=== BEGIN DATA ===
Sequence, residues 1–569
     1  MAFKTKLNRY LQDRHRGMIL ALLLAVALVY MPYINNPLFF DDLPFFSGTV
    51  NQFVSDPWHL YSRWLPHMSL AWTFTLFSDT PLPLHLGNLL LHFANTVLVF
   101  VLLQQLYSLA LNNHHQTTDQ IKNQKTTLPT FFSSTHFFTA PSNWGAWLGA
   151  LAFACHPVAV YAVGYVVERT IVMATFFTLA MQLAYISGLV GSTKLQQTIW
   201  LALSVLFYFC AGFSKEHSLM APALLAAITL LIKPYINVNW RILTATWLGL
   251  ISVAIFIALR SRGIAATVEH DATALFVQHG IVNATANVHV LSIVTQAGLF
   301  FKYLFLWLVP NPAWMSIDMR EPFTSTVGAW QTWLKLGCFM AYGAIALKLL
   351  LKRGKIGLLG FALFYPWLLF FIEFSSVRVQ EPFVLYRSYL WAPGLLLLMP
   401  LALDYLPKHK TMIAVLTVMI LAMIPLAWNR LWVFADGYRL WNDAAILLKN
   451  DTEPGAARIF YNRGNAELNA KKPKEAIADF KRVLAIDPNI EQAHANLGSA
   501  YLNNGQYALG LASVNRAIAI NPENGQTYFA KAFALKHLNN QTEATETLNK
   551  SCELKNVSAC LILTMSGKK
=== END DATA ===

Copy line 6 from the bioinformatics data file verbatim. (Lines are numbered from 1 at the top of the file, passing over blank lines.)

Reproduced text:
   201  LALSVLFYFC AGFSKEHSLM APALLAAITL LIKPYINVNW RILTATWLGL